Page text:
Wiseman graduated from Hull with an LLB degree in Law in 1981.
Wiseman arrived in London in 1977 when forced into exile following detention and torture by the South African police. He had been a law student at Durban University, but his studies were discontinued as he was implicated in an arson attempt at the institution. He was then a reporter on the Durban Daily News before being arrested on charges of treason and sabotage. The case against him collapsed, but he was re-arrested. British Liberal politician Lord Avebury took up Wiseman’s case and persuaded the Government to allow him entry to the UK.
Wiseman came to Hull as a law undergraduate and was financially supported by his fellow students until his graduation through the South African Student Scholarship Fund. He got involved with student union politics as a Broad Left activist; identifying himself as a communist. His real interest was journalism, not law, and was an enthusiastic contributor to the student newspaper, Hullfire. His friends knew him to be sociable and generous; always the first at the bar to buy a round of drinks. Fellow law student and friend Cathy Harper has recalled that Wiseman “was extremely bright and having already started a degree he was far and away ahead of most of us on the course both in his knowledge and analytical abilities. I rarely recall seeing him at lectures but he would borrow notes from people before a tutorial, scan read them quickly, (usually in the Union bar over a pint of lager) and that would do for him. His power of retention was quite remarkable…”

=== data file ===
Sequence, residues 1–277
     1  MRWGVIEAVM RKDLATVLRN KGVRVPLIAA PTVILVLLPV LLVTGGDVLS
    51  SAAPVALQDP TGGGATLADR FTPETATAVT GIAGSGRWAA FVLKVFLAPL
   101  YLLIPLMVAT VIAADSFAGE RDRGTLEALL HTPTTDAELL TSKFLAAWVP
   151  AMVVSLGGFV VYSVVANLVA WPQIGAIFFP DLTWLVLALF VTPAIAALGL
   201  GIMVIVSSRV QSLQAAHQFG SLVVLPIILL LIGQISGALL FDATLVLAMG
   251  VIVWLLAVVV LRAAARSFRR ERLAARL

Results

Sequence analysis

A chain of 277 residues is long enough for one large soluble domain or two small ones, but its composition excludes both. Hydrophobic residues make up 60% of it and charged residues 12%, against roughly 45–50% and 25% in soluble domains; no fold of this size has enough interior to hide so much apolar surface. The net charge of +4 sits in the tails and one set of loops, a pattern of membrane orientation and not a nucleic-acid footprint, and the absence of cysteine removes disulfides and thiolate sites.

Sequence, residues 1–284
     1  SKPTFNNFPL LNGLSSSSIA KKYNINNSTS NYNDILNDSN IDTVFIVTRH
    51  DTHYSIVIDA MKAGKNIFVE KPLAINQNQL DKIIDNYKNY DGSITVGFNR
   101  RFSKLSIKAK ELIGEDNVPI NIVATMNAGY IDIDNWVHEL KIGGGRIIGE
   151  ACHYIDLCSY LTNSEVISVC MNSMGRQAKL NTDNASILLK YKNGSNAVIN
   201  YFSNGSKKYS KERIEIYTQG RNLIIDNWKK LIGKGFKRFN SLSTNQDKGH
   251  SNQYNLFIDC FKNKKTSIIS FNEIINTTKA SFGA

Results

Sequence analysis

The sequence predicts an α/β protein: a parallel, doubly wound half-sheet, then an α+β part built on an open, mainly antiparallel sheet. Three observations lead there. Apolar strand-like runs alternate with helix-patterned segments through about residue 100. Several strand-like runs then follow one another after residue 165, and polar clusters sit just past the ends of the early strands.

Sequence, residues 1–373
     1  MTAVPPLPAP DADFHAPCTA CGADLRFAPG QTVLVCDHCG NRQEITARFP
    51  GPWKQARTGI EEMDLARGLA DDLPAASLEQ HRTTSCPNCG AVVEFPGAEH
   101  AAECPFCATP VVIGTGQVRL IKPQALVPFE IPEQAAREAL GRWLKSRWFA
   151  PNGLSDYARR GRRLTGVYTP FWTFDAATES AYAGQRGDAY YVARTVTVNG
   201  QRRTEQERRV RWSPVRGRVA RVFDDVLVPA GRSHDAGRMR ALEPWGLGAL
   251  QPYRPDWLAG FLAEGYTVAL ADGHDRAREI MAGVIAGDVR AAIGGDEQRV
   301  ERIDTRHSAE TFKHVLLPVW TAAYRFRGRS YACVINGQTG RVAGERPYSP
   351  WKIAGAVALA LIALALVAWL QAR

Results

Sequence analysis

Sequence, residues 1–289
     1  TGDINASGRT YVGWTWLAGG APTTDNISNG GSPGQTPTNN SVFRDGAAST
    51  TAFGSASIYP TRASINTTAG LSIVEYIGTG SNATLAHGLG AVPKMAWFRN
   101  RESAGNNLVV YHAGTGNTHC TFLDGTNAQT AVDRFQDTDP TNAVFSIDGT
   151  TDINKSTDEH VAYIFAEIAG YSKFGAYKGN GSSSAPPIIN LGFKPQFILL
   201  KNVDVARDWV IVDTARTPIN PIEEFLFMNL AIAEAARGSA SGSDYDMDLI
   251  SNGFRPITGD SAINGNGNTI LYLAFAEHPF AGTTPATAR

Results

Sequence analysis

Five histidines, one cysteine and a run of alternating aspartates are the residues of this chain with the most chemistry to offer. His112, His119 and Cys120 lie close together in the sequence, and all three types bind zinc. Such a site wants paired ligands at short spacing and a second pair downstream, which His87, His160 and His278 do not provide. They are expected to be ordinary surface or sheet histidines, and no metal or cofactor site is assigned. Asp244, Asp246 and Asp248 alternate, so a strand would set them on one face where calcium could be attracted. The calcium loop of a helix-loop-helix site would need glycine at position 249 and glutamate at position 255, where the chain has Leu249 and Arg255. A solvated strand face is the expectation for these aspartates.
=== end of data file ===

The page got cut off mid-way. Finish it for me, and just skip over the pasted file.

After graduating, he went back to London and entered the field of journalism, initially as an investigative journalist and then writing on economics. Wiseman returned to South Africa in 1991 after his hero, Nelson Mandela, was released from prison. His ticket home was financed by a group of his Hull University friends who organised a farewell dinner for him in London. Back in South Africa, Wiseman worked for the Weekly Mail & Guardian, Sunday Star, and the Sunday Times before beginning a short stint as a media liaison for the Ministry of Public Works. He ended his career as a financial journalist for the Business Report, which has a weekly readership of one million. He was known in the newsroom as Bra Wisey.
Wiseman died on 26 May 2017 after a long battle with lung cancer. Doctors had given him six months to live in 2015, but he survived for a further two years, working right up until the end. He leaves his wife Anna and six children; four sons and two daughters.
A tribute in the Cape Times (29 May 2017) described him as “one of the unsung heroes of black journalism”. It continued, Wiseman “was worldly, yet approachable and humble, yet erudite. At times when discussions in the newsroom were intense while deciding on what story to go where, Bra Wisey would sit quietly as if uninterested in what everyone was on about. And when everyone was at the end of their tether, he would speak out calmly and provide wisdom. You could go to him with the most complex of problems, and he would just give you a smile and tell you that no problem was insurmountable.”